The Tomatometer rating – based on the published opinions of hundreds of film and television critics – is a trusted measurement of movie and TV programming quality for millions of moviegoers. It represents the percentage of professional critic reviews that are positive for a given film or television show.
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The Tomatometer is 60% or higher.
The Tomatometer is 59% or lower.
Movies and TV shows are Certified Fresh with a steady Tomatometer of 75% or higher after a set amount of reviews (80 for wide-release movies, 40 for limited-release movies, 20 for TV shows), including 5 reviews from Top Critics.
Percentage of users who rate a movie or TV show positively.
Essentially a louder, sillier version of Die Hard, with John Cale standing in for John McClane, a precocious daughter standing in for the plucky wife, and, alas, no one even much trying to stand in for Alan Rickman's deliciously wicked Hans Gruber.
It follows the Emmerich template: a spectacle-tinged, compelling setup; a dumb, disappointing midsection; and a cheese-topped denouement that veers so close to self-parody that one is tempted to call it funny.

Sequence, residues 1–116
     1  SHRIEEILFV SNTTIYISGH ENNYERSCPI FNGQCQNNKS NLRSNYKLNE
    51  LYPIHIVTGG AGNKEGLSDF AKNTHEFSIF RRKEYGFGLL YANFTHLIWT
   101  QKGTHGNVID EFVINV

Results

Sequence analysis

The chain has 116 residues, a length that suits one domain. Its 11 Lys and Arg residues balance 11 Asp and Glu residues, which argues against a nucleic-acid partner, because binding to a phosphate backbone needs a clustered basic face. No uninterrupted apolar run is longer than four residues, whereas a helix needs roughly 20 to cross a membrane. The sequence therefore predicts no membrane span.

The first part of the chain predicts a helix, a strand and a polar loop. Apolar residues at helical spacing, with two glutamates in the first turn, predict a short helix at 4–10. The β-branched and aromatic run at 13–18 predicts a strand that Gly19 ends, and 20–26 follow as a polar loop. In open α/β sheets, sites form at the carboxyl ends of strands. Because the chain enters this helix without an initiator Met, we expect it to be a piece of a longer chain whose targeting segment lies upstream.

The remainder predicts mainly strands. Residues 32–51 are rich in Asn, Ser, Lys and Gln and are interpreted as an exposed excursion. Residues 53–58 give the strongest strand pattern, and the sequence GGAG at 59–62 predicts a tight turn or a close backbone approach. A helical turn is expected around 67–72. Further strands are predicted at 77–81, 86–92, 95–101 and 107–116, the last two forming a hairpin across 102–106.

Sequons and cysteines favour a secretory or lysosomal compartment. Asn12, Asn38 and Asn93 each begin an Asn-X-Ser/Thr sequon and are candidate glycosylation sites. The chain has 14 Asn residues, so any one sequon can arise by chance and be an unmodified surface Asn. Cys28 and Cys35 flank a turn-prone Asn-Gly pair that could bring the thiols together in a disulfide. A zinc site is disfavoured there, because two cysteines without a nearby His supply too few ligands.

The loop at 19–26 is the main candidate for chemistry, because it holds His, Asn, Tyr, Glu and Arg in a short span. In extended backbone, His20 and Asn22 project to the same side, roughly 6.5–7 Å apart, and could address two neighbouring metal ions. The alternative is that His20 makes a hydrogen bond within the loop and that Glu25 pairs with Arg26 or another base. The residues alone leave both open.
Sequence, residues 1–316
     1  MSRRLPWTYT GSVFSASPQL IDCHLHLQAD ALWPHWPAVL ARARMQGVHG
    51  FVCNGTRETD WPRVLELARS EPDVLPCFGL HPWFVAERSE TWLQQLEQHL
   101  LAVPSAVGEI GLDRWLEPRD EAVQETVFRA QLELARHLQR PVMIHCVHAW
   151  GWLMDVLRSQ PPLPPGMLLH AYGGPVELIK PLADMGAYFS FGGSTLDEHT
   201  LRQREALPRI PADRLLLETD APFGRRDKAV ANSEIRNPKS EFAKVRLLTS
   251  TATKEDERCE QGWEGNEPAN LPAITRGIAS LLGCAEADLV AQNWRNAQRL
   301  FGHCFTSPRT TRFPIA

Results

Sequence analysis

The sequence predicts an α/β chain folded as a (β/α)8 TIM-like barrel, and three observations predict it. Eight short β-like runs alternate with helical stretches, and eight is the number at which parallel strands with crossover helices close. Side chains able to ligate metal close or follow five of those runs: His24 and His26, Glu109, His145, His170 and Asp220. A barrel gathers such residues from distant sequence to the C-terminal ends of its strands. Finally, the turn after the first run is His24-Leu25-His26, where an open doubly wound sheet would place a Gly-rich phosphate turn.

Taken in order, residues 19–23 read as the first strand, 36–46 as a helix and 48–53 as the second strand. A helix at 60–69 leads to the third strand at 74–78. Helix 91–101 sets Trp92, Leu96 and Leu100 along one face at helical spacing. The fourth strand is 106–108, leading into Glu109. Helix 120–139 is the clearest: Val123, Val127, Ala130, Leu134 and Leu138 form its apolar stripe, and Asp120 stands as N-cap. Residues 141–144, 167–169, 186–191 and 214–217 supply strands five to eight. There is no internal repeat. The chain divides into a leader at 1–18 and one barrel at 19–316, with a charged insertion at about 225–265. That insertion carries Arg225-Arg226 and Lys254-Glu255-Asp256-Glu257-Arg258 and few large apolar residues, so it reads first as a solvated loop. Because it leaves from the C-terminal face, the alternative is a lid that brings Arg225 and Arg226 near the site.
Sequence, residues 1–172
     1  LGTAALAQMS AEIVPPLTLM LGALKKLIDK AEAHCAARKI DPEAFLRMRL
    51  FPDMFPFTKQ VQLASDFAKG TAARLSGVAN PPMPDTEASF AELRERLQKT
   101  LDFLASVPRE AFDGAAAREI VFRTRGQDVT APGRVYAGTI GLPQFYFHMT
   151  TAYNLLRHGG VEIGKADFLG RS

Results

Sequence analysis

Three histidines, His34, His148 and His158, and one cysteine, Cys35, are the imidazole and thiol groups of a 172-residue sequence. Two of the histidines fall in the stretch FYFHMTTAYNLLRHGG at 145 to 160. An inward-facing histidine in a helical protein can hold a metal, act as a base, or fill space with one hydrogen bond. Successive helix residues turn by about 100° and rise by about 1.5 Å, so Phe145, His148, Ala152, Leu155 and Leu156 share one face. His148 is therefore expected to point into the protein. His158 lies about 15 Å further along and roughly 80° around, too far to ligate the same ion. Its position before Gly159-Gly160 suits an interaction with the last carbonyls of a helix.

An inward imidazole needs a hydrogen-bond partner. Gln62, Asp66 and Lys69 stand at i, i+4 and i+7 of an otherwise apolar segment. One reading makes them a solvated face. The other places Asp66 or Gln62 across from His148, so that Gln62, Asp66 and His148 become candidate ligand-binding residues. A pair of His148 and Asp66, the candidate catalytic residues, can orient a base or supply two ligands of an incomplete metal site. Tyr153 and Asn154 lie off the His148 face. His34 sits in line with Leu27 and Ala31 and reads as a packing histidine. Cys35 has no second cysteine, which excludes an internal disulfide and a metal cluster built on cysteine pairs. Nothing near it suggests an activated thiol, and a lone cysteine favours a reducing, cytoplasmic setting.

Emmerich isn't strenuous about setting a consistent tone. Action movie blow-ups are interlaced with dumb jokes and slapstick. He's an anything-for-effect guy, but some of his effects are none too effective.
The essential climate of the movie - the climate of hysteria, dysfunction and mendacity, backed up by an enduring, essentially optimistic and arguably idiotic culture of popular patriotism ... feels strikingly authentic to our historical moment.
White House Down is the kind of celebration of rampant mayhem in which everyone seems to have a rocket launcher -- or at least a live hand grenade -- at the ready, just in case they need to dispatch a scrum of exceptionally vile and cruel villains.
The dialogue sometimes clunks. But the film also delivers the requisite thrills and action, and with strong, likable actors filling up the lead roles, it's the kind of exciting, escapist fare designed for summer viewing.
For pure enjoyment, for a good time at the movies, for something that will delight and exhilarate and send audiences out laughing, satisfied and thoroughly worked over, it's hard to imagine anything beating "White House Down."
While White House Down isn't going to score points for originality, seriousness, or subtlety (Emmerich likes his political messages blunt and loud), it is a lot of fun; if nothing else, Emmerich is a great widescreen showman ...
Tatum and Foxx's nigh-instantaneous camaraderie makes the alternately corny and convoluted routine of the rest a bit easier to take, even as Emmerich makes every effort to supplant intelligence with patriotism.